Published April 15, 2014
With the help of power company money, Clemson University professors are helping develop smart grid technologies. Keith Corzine is working on securing the nation’s flow of electricity, a challenge he says was underscored in April 2013 when gunmen attacked a Silicon Valley substation.
“This kind of attack at multiple locations around the country could take out the grid,” said Corzine, who works on the main campus as the Warren H. Owen-Duke Energy distinguished professor of electrical and computer engineering.
“We are all completely dependent on electric power,” Corzine said in a statement. “Without power, you can’t put gas in your car. You can’t refrigerate or cook the food in your home.”
Corzine is working to advance microgrids that cover a limited area — such as a neighborhood or office park — and generate power locally without dependence on the nationwide grid.
While the nation’s grid runs on alternating current, many microgrids run on direct current to help bring down the cost. One of the challenges with DC systems is they have limited circuit breaker options to take them offline when something goes wrong, Corzine said. He said electricity keeps flowing, leaving the system vulnerable to fire.
Corzine said he has designed and built advanced DC circuit breakers and is now doing laboratory tests.
Much of the funding for Clemson’s facilities for energy systems development and testing comes from partnerships. With a $5 million gift, Duke Energy named the Electric Grid Research, Innovation and Development. Duke provided funds for laboratory infrastructure, educational program development and a Smart Grid Technology Endowed Chair for a future Clemson faculty member. The project involves a hardware-in-the-loop simulator that can replicate any grid to investigate how the grid and devices such as wind turbines and solar arrays interact, especially when the grid becomes unstable.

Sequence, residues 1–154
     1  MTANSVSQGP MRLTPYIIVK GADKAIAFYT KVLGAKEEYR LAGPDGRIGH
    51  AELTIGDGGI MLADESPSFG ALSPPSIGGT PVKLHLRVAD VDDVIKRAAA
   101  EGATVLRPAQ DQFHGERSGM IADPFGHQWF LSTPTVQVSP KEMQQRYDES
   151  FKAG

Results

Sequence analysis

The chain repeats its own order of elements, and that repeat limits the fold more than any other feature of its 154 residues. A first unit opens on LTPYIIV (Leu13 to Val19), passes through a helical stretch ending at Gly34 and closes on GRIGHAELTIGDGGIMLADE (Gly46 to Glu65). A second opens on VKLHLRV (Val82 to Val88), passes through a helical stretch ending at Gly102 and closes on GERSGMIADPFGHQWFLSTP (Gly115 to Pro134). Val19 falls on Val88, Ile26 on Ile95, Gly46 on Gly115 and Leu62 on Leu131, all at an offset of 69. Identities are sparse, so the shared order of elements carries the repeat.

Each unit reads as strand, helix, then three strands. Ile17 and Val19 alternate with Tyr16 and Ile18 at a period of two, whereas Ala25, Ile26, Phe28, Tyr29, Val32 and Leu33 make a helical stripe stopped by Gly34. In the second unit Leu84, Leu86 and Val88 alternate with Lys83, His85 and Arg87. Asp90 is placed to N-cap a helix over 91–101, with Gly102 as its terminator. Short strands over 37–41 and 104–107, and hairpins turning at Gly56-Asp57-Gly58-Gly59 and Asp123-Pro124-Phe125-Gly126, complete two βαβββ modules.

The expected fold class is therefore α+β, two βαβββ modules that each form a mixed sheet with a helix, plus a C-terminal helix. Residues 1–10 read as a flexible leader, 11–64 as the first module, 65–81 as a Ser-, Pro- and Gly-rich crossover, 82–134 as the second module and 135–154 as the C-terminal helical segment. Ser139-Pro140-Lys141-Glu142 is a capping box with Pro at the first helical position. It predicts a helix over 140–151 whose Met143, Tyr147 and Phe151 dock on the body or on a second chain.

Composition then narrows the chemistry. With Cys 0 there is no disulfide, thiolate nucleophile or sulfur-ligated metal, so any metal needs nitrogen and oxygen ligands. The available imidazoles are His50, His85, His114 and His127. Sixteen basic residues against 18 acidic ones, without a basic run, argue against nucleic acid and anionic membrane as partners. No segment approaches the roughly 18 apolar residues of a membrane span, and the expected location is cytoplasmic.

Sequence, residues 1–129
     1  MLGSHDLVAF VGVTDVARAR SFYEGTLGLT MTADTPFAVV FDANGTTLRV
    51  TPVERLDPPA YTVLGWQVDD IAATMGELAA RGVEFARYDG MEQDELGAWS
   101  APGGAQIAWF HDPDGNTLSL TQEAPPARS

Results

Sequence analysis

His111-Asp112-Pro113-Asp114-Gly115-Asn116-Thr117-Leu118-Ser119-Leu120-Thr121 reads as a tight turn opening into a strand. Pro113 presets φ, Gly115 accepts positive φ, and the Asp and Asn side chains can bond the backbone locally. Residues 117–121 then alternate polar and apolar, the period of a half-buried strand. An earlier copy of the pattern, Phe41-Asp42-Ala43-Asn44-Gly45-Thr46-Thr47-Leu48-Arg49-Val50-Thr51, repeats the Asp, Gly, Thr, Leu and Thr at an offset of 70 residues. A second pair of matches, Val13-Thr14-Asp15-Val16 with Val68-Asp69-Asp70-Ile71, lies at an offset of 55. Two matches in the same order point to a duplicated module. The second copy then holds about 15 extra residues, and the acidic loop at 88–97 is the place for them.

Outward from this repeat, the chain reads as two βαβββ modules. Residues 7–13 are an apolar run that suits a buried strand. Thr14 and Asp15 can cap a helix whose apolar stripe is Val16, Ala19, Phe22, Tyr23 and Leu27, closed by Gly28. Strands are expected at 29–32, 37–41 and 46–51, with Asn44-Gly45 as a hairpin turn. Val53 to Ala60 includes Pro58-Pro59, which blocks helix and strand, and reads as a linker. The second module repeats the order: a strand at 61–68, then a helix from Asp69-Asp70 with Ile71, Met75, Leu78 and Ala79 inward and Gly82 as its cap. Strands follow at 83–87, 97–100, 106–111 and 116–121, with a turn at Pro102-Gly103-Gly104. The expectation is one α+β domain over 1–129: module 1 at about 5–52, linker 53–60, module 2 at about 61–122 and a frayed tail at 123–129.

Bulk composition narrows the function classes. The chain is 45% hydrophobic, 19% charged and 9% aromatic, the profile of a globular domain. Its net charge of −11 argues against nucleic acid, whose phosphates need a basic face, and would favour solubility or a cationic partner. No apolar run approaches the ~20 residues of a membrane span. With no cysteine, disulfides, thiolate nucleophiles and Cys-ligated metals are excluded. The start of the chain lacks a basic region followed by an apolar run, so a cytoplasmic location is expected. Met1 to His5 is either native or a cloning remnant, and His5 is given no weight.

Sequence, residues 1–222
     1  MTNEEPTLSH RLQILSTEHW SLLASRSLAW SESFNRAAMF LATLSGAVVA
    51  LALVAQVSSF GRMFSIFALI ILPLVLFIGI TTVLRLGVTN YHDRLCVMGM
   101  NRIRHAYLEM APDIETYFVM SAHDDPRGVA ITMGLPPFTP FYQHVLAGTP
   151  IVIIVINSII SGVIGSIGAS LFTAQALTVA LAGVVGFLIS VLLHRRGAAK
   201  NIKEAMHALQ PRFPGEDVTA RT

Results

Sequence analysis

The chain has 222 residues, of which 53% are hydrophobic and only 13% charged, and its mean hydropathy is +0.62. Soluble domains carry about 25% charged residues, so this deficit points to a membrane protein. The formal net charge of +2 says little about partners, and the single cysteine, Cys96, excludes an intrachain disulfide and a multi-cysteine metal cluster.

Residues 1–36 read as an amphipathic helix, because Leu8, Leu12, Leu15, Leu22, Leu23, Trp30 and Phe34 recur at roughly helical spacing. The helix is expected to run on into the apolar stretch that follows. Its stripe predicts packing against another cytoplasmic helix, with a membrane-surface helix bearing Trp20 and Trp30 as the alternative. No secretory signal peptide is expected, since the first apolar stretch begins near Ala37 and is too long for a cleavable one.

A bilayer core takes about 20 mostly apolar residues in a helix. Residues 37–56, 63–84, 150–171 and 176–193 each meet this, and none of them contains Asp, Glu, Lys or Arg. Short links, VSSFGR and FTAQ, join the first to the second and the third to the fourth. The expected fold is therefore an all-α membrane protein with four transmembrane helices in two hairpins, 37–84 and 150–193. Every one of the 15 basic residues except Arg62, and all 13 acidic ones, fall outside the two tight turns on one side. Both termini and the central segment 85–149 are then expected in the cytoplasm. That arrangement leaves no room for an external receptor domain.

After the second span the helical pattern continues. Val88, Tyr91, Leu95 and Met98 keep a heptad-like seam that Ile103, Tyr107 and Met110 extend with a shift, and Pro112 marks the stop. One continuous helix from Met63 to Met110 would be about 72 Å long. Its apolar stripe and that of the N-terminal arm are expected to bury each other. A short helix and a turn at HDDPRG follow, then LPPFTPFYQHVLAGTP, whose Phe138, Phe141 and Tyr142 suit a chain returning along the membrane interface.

While valuable for testing, the eGRID will also provide experience for students who will become grid and power system engineers, said Sam Holeman, Duke Energy director of system operations engineering and training.
“They’ll bring this skill set to the companies they work for,” Holeman said.
The eGRID is housed at the S.C. Electric and Gas Energy Innovation Center, located at Clemson University Restoration Institute in North Charleston. The utility supported the center with a $3.5 million gift.
Dr. Elham Makram, the S.C. Electric and Gas Distinguished Professor of Electrical and Computer Engineering, said experience offered at the institute can’t be taught in the classroom. She is sending two graduate students to Charleston this year and expects to send more in years to come.
The restoration institute also houses an advanced testing facility for wind turbine drivetrains. The $98-million facility included $53 million in state and private contributions and a $45 million award from the U.S Department of Energy’s Office of Energy Efficiency and Renewable Energy.
A drivetrain takes energy generated by a turbine’s blades and increases the rotational speed to drive the electrical generator, similar to the transmission in a car.
Kumar Venayagamoorthy, Clemson’s Duke Energy Distinguished Professor of Electrical and Computer Engineering, is working on a monitoring system intended to help balance wind and solar power with conventional power generation.
Venayagamoorthy said that while shortfalls in wind and solar power can be balanced with conventional means, weather forecasts aren’t accurate enough to predict how much conventional power generation will be needed. He is working at the Real-Time Power and Intelligent Systems Laboratory at Clemson.
“We know how to integrate renewables — sensors can be put on the grid,” Venayagamoorthy said. “But the question is how can we process the information just in time to keep the grid together.”
Clemson’s J. Curtiss Fox, director of operations for eGRID, said the system originally designed to send power from utility to customer will now have to go both ways.
“The model and how it all works is changing,” he said. “You take a system that you’ve perfected to work in one way over 90 or 100 years and start saying, ‘OK, we want to dramatically change how that works.’ ”
The existing system has allowed utilities to make automatic adjustments based on customer demand. Adding new grid contributors, including some not controlled by utilities, introduces unpredictability and complexity that makes it more difficult to keep the electrical flow balanced.
“The biggest challenge is how you integrate all these emerging technologies with central plant generation but do it in the most efficient manner,” said Zak Kuznar, senior project manager for emerging technology at Duke Energy.